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Tackling human trafficking

Since Timor-Leste gained independence in 2002, local Timorese women have been lured away from their homes and recruited with promises of work abroad
(Graham Crumb/Flickr)

Human trafficking is a growing problem in Timor-Leste, but despite an increase in the number of potential victims identified, there has not been a single conviction.

Timorese and foreign nationals are trafficking people for sexual exploitation, forced labour and agricultural work, said Heather Komenda, counter-trafficking programme manager for the International Organization for Migration (IOM).

Since Timor-Leste gained independence in 2002, local Timorese women have been lured away from their homes and recruited with promises of work abroad.

Francisco Belo, a coordinator for the counter-trafficking project of the Alola Foundation, an NGO founded in 2001 to respond to the needs of women in Timor, told IRIN: "We have heard of almost 100 such cases… Especially near the border [with West Timor], traffickers have recruited women to work in Indonesia, Malaysia and other countries in southeast Asia. The families in Timor haven't heard from those women [again]."

Traffickers employ a number of strategies. Bogus NGOs arrive in Timor offering overseas employment. The population of Timor is 90 percent Catholic and some traffickers even employ people impersonating nuns to recruit people, said Belo.

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Trafficked people in Timor

Perhaps a bigger problem is the number of people being trafficked into the country. "Timor has become a destination for human traffickers. We have found people from Thailand, Indonesia, China and the Philippines - most of them working in the sex industry and most of them victims of human trafficking," he said.

Belo said the number of female commercial sex workers in Dili is now probably close to 550. Back in 2004, the prosecutor-general estimated there were 400 Chinese and 300 Vietnamese construction workers in Dili who were possible victims of trafficking.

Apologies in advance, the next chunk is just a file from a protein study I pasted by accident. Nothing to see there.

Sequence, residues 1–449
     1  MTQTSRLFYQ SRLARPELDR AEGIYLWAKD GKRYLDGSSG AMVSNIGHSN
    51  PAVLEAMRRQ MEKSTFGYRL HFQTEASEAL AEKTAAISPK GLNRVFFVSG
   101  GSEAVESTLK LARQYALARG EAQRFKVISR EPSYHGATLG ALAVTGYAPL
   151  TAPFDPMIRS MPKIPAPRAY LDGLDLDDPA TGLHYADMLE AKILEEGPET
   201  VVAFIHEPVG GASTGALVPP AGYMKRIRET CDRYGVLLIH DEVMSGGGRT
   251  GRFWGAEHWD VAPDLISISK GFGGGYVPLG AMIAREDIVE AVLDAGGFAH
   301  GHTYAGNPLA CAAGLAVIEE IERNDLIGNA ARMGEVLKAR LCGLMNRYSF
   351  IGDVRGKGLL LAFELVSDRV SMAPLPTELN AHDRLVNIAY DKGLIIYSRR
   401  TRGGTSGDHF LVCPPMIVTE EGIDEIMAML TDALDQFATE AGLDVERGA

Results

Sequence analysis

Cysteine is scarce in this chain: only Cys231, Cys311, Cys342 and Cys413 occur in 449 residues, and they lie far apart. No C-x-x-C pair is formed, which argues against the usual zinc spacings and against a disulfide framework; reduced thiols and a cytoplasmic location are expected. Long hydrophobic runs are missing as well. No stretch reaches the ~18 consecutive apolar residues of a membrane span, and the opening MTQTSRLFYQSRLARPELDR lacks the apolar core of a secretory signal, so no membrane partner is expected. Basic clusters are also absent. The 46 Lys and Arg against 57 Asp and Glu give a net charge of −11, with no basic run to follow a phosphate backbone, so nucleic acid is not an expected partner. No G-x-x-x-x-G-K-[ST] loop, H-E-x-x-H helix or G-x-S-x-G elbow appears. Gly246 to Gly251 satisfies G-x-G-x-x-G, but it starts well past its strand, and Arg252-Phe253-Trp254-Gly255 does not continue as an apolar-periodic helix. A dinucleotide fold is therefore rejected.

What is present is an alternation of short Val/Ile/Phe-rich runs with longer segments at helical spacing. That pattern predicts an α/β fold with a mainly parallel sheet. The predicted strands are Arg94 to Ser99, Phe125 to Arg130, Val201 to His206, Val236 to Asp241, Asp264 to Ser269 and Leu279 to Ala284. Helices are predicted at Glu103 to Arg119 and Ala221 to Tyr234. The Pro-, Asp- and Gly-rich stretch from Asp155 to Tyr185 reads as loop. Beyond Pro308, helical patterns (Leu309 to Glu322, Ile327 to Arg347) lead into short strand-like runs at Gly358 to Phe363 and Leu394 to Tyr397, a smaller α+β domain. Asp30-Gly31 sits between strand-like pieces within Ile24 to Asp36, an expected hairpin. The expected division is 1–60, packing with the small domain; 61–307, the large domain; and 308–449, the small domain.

Trafficking in persons is a criminal offence under Article 81 of the Immigration and Asylum Act of 2003. Trafficking in minors carries a jail term of 5-12 years.

Lauren Rumble, chief of the UN Children's Fund's (UNICEF's) Child Protection Unit, said: "Timor-Leste's government has been determined to set up systems to prevent and respond to child trafficking. The Ministry of Social Solidarity in 2008 deployed 13 child protection officers (one for each district) to monitor and manage cases of vulnerable children. A new law on adoption and guardianship is being developed and a birth registration programme is in place."

The government, however, has yet to ratify the world's primary anti-trafficking treaty, the Protocol to Prevent, Suppress and Punish Trafficking in Persons, Especially Women and Children, supplementing the United Nations Convention Against Transnational Crime.

"The government is considering ratifying the protocol this year," said IOM's Komenda, adding that this would further develop the Immigration and Asylum Act, especially in terms of victim protection and assistance.

A map of Timor-Leste and surrounding countries.

Wikimedia Commons
A map of Timor-Leste and surrounding countries.
Monday, May 19, 2008
High hopes for bio-briquettes
A map of Timor-Leste and surrounding countries.

Photo: Wikimedia Commons
A map of Timor-Leste and surrounding countries

Document fraud

While enforcement of trafficking laws has proved difficult, it is often easier to arrest suspected traffickers through a law other than Article 81, such as document fraud.

In 2007, for example, the Ministry of Social Solidarity and the prosecutor's office twice ordered Immigration to deny a group of Timorese females, which included minors, exit visas to leave the country because information suggested the group was to be trafficked to Syria via Malaysia. A Nigerian man was accused of recruiting the group.

No witnesses came forward and Article 81 could not be applied. However, the man was subsequently arrested twice for possession of fake passports before Immigration officials asked him to voluntarily leave the country, which he did.


A big part of Alola and IOM's work is awareness-raising. "We produce pamphlets, posters, and CDs to spread the word on the radio and TV about the dangers of human trafficking, and we deliver training workshops," said Belo.

This year IOM plans to establish Timor's first shelter for victims of trafficking, with funding from the UN Development Programme-Spain's Millennium Development Goal Achievement Fund.

Komenda said: "The government also has an inter-agency trafficking working group. We support them to develop national action plans. We are happy the government is taking it seriously, but there is still a lot of work to be done."


This article was produced by IRIN News while it was part of the United Nations Office for the Coordination of Humanitarian Affairs. Please send queries on copyright or liability to the UN. For more information: https://shop.un.org/rights-permissions

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